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New Poetry, by Iris Roberts



Lamenting Age


So few poets lament about age

As if they fear when they reflect

They become aware of the change

And will shed their tears unwept


I can tell that I am growing

As with every waking day

My body keeps on slowing

And my vigour starts to stray


How I hate my changing body

How my limbs are rearranged

And the joy I once embodied

Is being swept away by change


I hope I don’t forget my girlhood

When I’m lamenting all the years

When my speech is misunderstood

And my tales fall onto deaf ears


I hope I don’t forget my girlhood

There is no tragedy quite as sad

As forgetting where you once stood

What kind of life you used to have


Not mourning all the years escaped

This feeling haunts me day and night

I feel violated raped

By the clock hanging out of sight


Counting down the days, my life, my time

Until my final breath I take

And the clock will make its final chime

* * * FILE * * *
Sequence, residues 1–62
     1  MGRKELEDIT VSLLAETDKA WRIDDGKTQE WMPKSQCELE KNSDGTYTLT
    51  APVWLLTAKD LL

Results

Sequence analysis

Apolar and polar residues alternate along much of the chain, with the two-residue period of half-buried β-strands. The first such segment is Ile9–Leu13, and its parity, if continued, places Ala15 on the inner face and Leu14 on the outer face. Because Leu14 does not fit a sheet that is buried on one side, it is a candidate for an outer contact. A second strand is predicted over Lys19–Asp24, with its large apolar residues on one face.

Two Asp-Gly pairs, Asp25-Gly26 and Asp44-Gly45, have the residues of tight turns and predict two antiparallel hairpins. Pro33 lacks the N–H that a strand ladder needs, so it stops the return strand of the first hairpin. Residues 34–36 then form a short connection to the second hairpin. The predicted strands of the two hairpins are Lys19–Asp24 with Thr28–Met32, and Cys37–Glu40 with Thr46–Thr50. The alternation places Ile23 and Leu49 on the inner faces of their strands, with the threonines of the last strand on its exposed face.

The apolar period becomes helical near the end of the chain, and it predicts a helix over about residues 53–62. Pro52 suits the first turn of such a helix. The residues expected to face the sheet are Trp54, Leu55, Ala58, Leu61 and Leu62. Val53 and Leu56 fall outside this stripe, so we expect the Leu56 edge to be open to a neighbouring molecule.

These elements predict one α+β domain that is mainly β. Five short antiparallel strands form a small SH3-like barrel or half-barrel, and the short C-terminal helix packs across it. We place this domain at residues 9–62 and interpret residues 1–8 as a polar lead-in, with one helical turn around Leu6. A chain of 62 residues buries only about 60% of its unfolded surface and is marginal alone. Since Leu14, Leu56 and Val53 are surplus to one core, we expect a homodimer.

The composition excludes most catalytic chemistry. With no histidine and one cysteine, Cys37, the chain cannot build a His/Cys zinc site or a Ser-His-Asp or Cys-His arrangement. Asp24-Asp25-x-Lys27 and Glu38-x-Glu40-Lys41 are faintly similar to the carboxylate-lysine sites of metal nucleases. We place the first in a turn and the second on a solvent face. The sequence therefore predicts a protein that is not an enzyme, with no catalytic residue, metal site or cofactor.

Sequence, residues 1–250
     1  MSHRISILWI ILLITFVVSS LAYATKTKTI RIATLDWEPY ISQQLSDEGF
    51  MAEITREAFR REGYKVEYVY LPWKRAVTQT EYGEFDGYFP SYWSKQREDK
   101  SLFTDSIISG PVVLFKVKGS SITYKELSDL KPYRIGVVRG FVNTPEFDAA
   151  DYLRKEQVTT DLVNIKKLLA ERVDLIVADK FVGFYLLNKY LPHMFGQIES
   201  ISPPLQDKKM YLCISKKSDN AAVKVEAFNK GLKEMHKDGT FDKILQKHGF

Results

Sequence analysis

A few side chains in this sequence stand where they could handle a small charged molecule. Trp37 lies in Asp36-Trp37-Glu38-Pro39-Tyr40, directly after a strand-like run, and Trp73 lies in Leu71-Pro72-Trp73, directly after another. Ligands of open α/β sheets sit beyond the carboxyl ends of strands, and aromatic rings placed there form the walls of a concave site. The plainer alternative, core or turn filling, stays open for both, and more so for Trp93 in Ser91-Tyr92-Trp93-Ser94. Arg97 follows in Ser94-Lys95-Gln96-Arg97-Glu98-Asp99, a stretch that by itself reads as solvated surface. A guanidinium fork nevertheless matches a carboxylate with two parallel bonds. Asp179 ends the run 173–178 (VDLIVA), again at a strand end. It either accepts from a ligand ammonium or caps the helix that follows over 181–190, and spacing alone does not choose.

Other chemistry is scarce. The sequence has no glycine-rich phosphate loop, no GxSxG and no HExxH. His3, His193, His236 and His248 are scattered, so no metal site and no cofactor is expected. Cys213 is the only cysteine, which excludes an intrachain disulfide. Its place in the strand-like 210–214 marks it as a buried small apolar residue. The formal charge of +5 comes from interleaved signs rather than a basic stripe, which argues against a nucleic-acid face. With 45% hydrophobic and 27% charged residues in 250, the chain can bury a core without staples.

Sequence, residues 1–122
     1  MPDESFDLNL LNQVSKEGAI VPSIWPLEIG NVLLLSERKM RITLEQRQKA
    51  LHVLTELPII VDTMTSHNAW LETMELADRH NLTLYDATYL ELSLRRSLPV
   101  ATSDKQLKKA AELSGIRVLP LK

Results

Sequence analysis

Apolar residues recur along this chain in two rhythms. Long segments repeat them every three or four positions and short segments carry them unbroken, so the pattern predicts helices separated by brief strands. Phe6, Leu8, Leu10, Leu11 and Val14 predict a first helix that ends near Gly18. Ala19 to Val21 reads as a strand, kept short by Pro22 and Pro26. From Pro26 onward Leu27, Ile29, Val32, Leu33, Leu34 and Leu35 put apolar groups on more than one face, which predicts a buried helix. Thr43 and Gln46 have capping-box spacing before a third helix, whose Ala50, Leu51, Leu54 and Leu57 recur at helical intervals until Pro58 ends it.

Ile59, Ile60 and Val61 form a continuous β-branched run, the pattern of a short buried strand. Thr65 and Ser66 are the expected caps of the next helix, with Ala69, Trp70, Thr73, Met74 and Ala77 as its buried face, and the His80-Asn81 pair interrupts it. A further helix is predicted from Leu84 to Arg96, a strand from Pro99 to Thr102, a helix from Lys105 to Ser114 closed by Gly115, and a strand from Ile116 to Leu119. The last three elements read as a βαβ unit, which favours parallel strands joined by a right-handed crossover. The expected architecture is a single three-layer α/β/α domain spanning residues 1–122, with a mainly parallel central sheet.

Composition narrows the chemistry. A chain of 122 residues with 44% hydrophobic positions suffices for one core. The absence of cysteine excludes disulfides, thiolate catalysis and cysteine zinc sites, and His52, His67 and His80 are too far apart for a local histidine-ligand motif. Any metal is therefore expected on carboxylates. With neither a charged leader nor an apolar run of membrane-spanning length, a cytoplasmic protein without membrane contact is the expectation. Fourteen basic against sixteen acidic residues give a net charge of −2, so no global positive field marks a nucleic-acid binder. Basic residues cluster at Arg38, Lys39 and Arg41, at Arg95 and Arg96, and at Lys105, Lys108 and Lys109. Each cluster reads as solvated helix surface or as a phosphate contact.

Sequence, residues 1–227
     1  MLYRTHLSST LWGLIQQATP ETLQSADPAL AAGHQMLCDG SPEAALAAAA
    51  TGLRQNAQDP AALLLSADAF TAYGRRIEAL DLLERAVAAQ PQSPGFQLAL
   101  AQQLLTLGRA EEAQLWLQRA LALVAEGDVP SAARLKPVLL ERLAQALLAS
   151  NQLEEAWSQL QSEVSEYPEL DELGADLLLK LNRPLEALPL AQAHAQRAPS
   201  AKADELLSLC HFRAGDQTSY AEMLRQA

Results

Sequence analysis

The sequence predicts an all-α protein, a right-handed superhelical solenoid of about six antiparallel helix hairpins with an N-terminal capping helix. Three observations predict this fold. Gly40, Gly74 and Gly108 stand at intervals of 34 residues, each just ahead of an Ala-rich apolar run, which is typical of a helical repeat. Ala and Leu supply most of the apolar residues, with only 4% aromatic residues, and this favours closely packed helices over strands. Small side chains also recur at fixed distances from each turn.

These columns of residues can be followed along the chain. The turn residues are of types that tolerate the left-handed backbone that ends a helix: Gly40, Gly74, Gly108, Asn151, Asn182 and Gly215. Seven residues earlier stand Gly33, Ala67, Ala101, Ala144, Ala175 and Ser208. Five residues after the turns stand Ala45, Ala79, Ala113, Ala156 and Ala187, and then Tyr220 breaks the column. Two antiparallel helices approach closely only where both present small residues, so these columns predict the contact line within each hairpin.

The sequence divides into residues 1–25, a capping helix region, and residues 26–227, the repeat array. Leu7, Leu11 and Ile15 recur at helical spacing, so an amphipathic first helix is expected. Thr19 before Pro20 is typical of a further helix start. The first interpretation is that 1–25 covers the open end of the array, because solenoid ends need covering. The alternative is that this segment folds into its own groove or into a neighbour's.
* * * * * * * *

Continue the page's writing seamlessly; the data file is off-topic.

As I lie there in faux wake


That little girl I miss I mourn

Oh I know she lurks within

She has been with me since I was born

She lives far beneath my skin


She is dressed in tights and wellie boots

A brown dress with polka dots and stripes

Her fingers stained by fresh fruits

Her knees muddied from hikes and bikes


She laughs too loud and talks even louder

Her hair is a startling white

She has this magic running through her

That brings the room some light


And then became a mirror ball

A mere reflection of that girl

And from her pedestal I fell

Down down down in some shy swirl


Until I remerged after years

A very different girl

Not a girl who hid in fear

But one who welcomed in the world


I am that wellie wearing girl once more

With volume and with pride

I am the lively girl from before

I am who I was deep inside


You asked me why poets fear

Age and growing old

I believe it is that they have no idea

Of how to keep a young and childish soul

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